rowspan – This works like the colspan attribute but in this case, it applies to rows of the table not columns, that is, a single table cell can span the height of more than one cell or row.
The value of rowspan attribute shows the number of rows through which the current table cell extends downward through the table and the number should not be greater than the amount of remaining <tr> tags in the table. In other words, there should be “room” for the cell to extend downwards.
In all subsequent rows after a rowspan attribute has been used, you need one less <td> tag.
The example below shows the use of rowspan attribute.
Table cell ‘Col1 Row1’ has rowspan=“2” therefore it will also cover cell ‘Col1 Row2’ and table cell ‘Col4 Row2’ has rowspan=“3” hence will also occupy cells ‘Col4 Row3’ and ‘Col4 Row4’ as shown in the diagram below.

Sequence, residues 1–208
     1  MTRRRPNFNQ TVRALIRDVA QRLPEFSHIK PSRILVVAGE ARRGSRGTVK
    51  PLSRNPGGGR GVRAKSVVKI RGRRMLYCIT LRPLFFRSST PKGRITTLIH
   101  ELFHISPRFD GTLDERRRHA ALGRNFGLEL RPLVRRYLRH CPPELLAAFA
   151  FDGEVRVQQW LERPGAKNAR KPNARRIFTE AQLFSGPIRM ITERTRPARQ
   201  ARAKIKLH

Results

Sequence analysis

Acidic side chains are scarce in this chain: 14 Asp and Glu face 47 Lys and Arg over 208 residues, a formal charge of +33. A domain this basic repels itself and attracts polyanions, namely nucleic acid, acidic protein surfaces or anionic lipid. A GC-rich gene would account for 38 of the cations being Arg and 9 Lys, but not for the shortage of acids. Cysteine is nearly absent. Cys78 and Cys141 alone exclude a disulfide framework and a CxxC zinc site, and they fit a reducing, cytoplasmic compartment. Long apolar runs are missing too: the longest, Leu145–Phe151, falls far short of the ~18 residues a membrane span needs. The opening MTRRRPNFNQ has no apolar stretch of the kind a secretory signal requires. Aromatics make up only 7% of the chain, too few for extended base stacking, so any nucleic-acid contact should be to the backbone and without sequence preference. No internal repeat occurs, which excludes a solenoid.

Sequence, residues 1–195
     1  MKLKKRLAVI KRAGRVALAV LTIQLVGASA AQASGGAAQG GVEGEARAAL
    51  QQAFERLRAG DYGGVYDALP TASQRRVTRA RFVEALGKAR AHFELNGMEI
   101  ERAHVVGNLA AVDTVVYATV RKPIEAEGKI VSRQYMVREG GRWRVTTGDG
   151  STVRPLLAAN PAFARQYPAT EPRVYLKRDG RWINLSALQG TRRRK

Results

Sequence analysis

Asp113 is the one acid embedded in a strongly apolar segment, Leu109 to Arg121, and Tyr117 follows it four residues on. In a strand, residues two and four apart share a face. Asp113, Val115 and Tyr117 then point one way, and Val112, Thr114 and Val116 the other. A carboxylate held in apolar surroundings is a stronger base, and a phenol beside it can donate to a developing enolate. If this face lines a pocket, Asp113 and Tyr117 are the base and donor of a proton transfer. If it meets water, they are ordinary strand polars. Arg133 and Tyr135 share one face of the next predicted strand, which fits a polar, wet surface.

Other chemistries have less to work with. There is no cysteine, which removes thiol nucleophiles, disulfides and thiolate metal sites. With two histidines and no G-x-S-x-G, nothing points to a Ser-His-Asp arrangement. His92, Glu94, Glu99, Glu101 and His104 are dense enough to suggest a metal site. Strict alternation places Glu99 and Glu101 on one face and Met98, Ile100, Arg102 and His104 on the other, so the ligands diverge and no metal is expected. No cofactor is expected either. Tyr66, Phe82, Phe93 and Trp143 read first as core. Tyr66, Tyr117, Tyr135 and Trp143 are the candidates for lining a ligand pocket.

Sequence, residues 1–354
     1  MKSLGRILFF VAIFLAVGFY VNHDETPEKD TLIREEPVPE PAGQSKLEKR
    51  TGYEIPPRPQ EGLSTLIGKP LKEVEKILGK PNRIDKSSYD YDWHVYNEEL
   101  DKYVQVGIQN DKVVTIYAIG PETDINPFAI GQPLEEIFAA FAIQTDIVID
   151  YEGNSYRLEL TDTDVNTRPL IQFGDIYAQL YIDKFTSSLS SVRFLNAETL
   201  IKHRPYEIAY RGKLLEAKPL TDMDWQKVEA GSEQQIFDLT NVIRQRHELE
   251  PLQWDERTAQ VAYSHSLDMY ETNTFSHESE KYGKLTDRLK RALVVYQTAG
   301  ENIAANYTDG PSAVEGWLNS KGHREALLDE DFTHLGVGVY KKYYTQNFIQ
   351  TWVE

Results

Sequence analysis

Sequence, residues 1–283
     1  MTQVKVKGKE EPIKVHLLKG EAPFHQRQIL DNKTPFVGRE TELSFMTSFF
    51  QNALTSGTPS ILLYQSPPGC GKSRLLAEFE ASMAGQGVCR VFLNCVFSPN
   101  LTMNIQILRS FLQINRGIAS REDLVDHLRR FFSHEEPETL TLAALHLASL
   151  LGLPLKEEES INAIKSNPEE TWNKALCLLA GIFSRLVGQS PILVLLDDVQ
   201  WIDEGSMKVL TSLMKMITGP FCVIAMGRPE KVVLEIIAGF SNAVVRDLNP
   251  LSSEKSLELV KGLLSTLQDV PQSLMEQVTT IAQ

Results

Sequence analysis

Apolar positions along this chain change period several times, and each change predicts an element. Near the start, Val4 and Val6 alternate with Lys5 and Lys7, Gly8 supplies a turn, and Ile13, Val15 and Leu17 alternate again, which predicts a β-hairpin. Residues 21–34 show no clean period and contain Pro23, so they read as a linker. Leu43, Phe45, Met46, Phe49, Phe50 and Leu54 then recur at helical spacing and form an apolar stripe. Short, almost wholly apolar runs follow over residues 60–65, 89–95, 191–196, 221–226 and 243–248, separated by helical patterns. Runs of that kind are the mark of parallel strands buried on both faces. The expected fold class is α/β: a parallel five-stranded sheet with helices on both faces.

Including sections in the HTML table
In most cases there is no need to specify the various sections of a table therefore using the tags and attributes mentioned earlier is enough for creating a table. However, if the table is very large or spans multiple pages then you may need to divide it into header, body and footer sections for better developer maintenance and to enable browsers to easily scroll through the table.
The following tags are used to section the table.
The <thead> element acts as a container for the table header contents. It can have one or more <tr> elements with their corresponding <th> elements.
The <tbody> element contains a table’s body, that is, it contains all table data other than table heading and table footer content